FEATURES|COLUMNS|Mindful Capital

Lessons of the Principle of Dependent Arising for Politics and Investing

By Ernest Chi-Hin Ng
Buddhistdoor Global | 2017-06-23 |
Drew drops on a spiders web are like the jewels on Indra's net. From mellissaelucia.files.wordpress.comDrew drops on a spiders web are like the jewels on Indra's net. From mellissaelucia.files.wordpress.com

While politicians and investors around the world praise the practice of mindfulness as the new “cool” tool to lower stress levels, increase productivity, and maintain focus, wisdom is not regarded as the priority, but a by-product arising from deep mindfulness. But wisdom is one of the three integral components of the Buddhist teachings, together with moral discipline and mental concentration, for personal development and mental cultivation.

A key Buddhist teaching on wisdom is the Principle of Dependent Arising, a profound understanding of the relationship between cause and effect. The Avatamsaka Sutra uses the metaphor of Indra’s Jeweled Net to illustrate the amazing nature of interdependence and the true meaning of interbeing. If we look closely at any one of the jewels on the net, we can see the reflections of all other jewels on its surface. In the reflections of the other jewels we can see the original jewel and the reflections it carries once again being reflected, constituting an infinite interweaved web of reflections:

The Avatamsaka Sutra is the sutra that helps us to see that one element is made of all other elements, and that the all is made of the one. When you look at A, you see B, C, D, E, F, G,
H. . . . When you see B, C, D, E, F, G, H in A, you see everything in A, you see [that] A is not A, [and] that is why A is really A.
  Thich Nhat Hanh on The Diamond Sutra (A Buddhist Library)

In this interconnected world, a key challenge for world leaders and financial market investors is to understand the significance of interdependence. While decisions and events in one corner of our world now have worldwide implications with the advancement of technology and global information exchange, many world leaders and financial decision-makers still operate and think with a “silo mentality”—pretending that they can isolate their self-interest and decision-making processes from rest of the world. Those with great political and financial influence must realize the great responsibility they carry. For example, when the US withdrew from the Paris climate accord, previously agreed on by 195 countries in 2015, they should have acknowledged the time, effort, and compromises it took for so many nations to put a workable agreement together. When President Trump mentioned that no deal would be better than a bad deal, he is still thinking with a win-or-lose mindset, in which he is only willing to be the winner in every situation, and if he has to lose, this would only be acceptable in a lose-lose situation. This way of thinking is driven not only by self-interest but also greed and ignorance. Similarly, as we can see with the global financial crisis, Brexit, presidential and general elections in the UK and the US, as well as the decision of the US to leave Trans-Pacific Partnership and Paris climate accord, there is a dangerous trend of politicians and financial market participants gambling for some marginal wins for “one” at the expense of “all.”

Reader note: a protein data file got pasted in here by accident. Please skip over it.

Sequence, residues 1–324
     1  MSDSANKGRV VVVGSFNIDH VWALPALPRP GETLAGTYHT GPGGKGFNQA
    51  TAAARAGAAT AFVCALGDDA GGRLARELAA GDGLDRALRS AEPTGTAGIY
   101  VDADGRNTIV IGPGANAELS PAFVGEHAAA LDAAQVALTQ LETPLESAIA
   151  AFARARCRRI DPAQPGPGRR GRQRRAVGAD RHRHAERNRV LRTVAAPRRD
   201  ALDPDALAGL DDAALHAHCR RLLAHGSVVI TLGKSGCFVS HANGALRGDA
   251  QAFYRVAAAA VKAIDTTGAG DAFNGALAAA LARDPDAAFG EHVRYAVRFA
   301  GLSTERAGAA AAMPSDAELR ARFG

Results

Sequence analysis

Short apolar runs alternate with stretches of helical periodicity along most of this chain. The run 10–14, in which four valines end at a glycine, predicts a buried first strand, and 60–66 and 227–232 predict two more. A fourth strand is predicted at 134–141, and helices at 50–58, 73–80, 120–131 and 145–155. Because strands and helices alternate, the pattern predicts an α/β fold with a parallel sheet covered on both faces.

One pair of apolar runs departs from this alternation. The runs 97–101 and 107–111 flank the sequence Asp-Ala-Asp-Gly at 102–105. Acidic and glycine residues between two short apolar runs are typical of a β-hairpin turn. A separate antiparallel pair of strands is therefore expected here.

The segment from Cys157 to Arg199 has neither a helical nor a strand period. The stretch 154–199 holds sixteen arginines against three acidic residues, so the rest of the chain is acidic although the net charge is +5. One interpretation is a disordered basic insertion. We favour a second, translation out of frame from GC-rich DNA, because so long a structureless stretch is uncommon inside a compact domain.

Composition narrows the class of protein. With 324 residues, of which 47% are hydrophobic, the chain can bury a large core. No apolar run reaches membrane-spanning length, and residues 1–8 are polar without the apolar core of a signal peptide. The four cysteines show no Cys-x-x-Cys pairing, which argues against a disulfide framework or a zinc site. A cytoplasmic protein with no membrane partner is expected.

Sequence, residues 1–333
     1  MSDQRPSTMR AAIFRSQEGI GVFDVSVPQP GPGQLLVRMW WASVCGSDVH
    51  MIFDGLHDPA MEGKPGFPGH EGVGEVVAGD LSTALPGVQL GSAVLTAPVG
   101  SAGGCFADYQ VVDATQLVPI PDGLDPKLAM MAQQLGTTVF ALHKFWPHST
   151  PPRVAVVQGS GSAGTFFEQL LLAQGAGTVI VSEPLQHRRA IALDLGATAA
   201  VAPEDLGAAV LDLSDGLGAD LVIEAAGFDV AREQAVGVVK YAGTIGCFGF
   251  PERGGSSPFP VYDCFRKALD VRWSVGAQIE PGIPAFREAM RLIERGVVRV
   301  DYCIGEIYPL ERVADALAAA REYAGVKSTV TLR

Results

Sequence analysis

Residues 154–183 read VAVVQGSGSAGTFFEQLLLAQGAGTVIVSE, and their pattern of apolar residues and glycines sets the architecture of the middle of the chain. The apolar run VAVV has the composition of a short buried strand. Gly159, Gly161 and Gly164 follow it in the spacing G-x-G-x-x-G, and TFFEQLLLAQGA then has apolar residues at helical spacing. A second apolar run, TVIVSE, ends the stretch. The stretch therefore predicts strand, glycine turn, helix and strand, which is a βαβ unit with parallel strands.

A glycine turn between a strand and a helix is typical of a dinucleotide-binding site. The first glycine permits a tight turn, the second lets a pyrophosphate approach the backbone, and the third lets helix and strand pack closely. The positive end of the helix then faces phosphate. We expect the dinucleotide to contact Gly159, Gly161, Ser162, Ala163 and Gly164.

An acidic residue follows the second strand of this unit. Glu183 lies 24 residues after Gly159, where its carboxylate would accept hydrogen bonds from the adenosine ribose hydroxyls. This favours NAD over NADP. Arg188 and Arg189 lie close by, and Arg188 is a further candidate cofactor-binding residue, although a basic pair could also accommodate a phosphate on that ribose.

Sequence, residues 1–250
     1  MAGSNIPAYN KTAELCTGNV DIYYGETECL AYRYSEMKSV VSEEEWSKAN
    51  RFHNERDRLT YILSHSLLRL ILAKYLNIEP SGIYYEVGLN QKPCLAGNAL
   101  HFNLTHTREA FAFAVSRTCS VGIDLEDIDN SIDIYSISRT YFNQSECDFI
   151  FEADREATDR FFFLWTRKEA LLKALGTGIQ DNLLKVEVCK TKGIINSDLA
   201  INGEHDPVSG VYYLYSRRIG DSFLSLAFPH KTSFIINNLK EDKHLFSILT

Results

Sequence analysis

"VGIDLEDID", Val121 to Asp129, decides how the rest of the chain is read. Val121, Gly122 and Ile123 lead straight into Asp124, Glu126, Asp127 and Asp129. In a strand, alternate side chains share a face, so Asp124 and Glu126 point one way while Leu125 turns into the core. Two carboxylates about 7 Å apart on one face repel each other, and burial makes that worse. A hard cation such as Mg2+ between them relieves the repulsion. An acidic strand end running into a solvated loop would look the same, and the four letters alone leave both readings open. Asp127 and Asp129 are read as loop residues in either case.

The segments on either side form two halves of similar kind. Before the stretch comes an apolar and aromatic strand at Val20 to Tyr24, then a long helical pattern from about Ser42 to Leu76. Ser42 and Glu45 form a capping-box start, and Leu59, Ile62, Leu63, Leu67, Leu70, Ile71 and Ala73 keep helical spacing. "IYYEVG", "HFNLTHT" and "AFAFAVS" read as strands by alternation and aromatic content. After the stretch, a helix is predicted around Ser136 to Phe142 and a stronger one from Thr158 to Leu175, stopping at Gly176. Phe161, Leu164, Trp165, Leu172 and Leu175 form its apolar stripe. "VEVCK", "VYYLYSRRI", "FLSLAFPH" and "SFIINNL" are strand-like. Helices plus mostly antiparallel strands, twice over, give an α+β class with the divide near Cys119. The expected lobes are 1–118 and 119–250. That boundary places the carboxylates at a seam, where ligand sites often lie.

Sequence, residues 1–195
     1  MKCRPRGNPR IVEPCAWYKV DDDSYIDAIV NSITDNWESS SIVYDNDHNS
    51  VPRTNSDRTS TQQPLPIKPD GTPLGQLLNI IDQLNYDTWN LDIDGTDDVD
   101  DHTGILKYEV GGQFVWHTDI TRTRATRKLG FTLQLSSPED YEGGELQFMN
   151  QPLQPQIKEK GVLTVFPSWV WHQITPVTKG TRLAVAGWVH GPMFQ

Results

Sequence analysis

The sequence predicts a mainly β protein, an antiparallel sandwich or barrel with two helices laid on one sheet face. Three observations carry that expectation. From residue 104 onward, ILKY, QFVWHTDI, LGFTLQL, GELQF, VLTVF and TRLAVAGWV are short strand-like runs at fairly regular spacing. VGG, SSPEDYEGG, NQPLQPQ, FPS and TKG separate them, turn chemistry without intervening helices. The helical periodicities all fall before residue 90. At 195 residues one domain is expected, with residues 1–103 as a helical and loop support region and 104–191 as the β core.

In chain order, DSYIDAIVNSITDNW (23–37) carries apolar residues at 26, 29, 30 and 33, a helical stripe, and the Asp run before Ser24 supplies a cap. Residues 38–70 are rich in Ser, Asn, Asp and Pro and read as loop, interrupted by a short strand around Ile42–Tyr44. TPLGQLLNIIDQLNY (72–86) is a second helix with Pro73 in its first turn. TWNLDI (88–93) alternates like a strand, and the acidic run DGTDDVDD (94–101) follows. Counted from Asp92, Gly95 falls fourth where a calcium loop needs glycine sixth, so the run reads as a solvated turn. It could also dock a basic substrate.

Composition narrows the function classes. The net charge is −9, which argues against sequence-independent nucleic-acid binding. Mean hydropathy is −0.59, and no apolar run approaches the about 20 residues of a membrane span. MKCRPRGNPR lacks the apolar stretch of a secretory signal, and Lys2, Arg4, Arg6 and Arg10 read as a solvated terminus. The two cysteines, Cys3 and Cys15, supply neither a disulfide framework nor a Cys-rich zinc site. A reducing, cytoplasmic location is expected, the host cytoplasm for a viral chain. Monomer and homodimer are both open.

As we have seen with Brexit and the UK general election, these gambles are risky and unworthy. They demonstrate a lack of humility and a lack of awareness of the interconnected nature of individuals, society, and nature, and show the failure to realize the adverse consequences of selfish acts. World-renowned investor Ray Dalio has also voiced concern at how the increasing number of conflicts has a detrimental effect on the government and the economy. Dalio elaborated that he is inclined to analyze Trump’s policies, as a global and US citizen, from an economic and market-oriented perspective, which is further informed by a thorough study of history and nature, and an understanding of the patterns of cause and effect. He was alarmed by the observation that:

When faced with the choices between whats good for the whole and whats good for the part, and between harmony and conflict, [Trump] has a strong tendency to choose the part and conflict. (LinkedIn)

To some extent, Dalio shares a Buddhist understanding of the concept of interdependence as he “believe[s] that we are connected to our whole ecology, our whole world community, and our whole United States, such that it pays to be in symbiotic relationships with them.” (LinkedIn) He is thus concerned about Trump’s path of conflict and particularly the impact this path might have on his presidency and rest of the world.

When this path of conflict and hostility is paved with the greed for an absolute “win” at the expense of the “other,” a hatred toward those who are not part of “us,” and ignorance of the independent nature of this world and of nature, we should all share this concern.

See more

The Diamond Sutra (A Buddhist Library)
The Last 24 Hours’ Developments in the UK and US Increase the Odds That Conflict Will Lead to Political Ineffectiveness (LinkedIn)
A Couple of Thoughts (LinkedIn)

Related features from Buddhistdoor Global

Buddhistdoor View: The Dharma’s Place in the Global Climate Change Crisis

Comments:
    Share your thoughts:
    Reply to:
    Name:
    Content:
    Back to Top